Windows Server 2016 Nano Server – Installation and Management
Posted by Mikhail Rodionov on
February 7, 2017
Time to continue our conversation about that “scaled down even further” Server 2016 installation option. In my previous article, I covered general concepts around Nano Server, now I want to switch gears and talk about more practical aspects: installation and management. At the end of the day, you would agree that the best way to learn new technology it is trying to use it – this way you will be exposed to its strengths and weaknesses directly, and can get the real understanding of whether it works for you or not. Though at this point even Microsoft admits that despite all its greatness, at the moment, Nano Server has quite limited utility as it supports only a small subset of roles and features out of those which you can find in full GUI version of Windows Server.
Upgrade your CA to SKP & SHA256. Part I: Setting the Stage
Posted by Didier Van Hoye on
January 31, 2017
Many Certificate Authority servers that were installed on Windows Server 2003 never got upgraded until Microsoft ceased the support of Windows 2003. Some of those are still out there running today. A massive amount of them got set up in an era when Wi-Fi in the SME market became very popular and CA servers were deployed to easily secure access to it. To be fair, a lot of administrators didn’t wait for Windows Server 2003 support to expire and made sure their CA was more or less up to date by upgrading them in place. That alone is something to commend. However, the operating system version only introduces the capability of using modern more secure providers and algorithms. It doesn’t upgrade the ones used by the PKI automatically for you. So many of these upgrade PKI servers are still using an old cryptographic provider, the “Microsoft Strong Cryptographic Provider” (SCP) and an old hash algorithm (SHA1) that’s been deprecated (see SHA1 Deprecation: What You Need to Know) or even banned.
Installing Exchange Server 2016 on Windows Server 2016
Posted by Nicolas Prigent on
January 30, 2017
On October 1st, Microsoft Exchange Team released the new Exchange Server 2016. Microsoft has been testing and improving on millions of mailboxes in their Office365 environment before releasing the product on-premises. I will describe in this article a step-by-step guide for the installation of Microsoft Exchange Server 2016. The installation considers:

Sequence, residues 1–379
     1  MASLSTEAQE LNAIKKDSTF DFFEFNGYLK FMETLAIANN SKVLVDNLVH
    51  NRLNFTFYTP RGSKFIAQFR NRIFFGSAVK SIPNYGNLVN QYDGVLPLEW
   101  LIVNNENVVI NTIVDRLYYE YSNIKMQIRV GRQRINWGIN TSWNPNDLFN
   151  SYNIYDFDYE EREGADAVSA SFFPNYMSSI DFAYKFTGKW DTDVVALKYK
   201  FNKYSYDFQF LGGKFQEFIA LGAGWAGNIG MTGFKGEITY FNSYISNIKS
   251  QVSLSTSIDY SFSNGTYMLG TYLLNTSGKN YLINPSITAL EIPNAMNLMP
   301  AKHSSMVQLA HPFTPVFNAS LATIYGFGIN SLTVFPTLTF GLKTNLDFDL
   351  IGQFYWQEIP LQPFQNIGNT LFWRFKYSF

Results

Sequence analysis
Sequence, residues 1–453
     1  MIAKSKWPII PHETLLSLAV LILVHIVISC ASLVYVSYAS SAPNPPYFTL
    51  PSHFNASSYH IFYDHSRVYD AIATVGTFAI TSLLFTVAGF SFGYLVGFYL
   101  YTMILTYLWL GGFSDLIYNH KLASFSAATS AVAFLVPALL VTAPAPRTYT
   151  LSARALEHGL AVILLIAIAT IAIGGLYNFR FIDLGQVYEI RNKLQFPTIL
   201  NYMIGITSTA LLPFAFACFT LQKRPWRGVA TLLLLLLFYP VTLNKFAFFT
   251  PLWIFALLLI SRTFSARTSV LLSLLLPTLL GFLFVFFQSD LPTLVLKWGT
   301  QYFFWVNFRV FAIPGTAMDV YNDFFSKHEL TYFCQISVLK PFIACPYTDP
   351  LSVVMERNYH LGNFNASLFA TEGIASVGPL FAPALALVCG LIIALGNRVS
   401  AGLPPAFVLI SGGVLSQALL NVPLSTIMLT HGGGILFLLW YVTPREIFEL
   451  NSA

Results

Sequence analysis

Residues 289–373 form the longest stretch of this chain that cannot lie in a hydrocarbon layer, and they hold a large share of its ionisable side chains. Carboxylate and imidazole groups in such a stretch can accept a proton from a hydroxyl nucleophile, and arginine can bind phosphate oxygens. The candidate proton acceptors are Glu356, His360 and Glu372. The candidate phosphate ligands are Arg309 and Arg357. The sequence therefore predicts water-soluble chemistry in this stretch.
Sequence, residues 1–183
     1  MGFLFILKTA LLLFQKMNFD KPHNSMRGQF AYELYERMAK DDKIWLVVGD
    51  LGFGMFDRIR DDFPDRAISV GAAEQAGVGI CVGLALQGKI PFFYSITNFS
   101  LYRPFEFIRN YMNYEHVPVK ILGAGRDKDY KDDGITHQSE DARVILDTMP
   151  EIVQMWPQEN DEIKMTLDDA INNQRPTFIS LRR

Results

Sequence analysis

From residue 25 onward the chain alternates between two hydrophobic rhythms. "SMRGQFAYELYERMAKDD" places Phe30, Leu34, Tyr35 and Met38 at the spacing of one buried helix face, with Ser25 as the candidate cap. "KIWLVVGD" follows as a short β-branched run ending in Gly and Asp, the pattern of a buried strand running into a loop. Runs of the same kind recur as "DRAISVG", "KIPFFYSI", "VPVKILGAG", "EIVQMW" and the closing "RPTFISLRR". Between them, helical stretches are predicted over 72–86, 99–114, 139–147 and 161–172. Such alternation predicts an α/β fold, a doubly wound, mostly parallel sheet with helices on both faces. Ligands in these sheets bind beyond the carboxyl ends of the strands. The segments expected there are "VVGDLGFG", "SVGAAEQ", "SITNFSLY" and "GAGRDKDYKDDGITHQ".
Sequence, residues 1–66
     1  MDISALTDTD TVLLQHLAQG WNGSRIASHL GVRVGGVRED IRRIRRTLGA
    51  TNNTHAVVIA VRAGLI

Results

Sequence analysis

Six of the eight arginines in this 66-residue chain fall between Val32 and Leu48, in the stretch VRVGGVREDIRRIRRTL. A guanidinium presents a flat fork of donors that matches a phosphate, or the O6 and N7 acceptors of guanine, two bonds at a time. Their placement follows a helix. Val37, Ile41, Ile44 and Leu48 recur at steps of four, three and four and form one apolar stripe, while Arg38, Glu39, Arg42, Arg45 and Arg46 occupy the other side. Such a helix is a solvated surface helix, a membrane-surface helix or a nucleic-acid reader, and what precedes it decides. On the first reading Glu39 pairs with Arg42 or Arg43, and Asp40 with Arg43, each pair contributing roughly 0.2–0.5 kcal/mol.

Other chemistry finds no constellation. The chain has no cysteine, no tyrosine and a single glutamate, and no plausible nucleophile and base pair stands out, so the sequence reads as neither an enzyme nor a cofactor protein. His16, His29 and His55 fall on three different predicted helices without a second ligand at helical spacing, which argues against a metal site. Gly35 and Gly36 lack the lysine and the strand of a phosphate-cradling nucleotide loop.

- a single server deployment of Exchange Server 2016 with the Mailbox role on a new Windows Server 2016
- Windows Server 2016 forest functional level
- Exchange Server 2016 with the latest Cumulative Update 4
Because Windows PowerShell is a powerful tool that every sysadmin would know, I will use PowerShell to perform the installation. But If you prefer the graphical interface, you can use it!
Windows Server 2016 Nano Server – Just enough OS model
Posted by Mikhail Rodionov on
January 13, 2017
We are in 2017 now, and it’s about fourth month since Windows Server 2016 has been RTMed in September 2016. By now, everyone probably heard about one of the big new features of Windows Server 2016 – Nano Server, new installation option which you can’t select during setup 🙂 . But I think there is still a lot of “why” and “how” questions around Nano Server. In this blog post, I will try to provide a bit of a history and compare Nano Server with other installation types.
Software Defined Networking (SDN) Stack in the Windows Server 2016
Posted by Oksana Zybinskaya on
November 3, 2016
Windows Server 2016 enables building a Software-Defined Data Center (SDDC) with new layers of security and Azure-related approach for hosting business applications and infrastructure. The new Software Defined Network (SDN) Stack provides dynamic security and hybrid flexibility by enforcing network policy in the Hyper-V Virtual Switch using the Azure Virtual Filtering Platform (VFP) Switch Extension. Instead of programming network configurations into a physical switch, the new Microsoft Network Controller delivers the network policy to the Hyper-V Hosts using the OVSDB protocol and is programmed into the VFP extension of the vSwitch by a Host Agent which enforces the policy.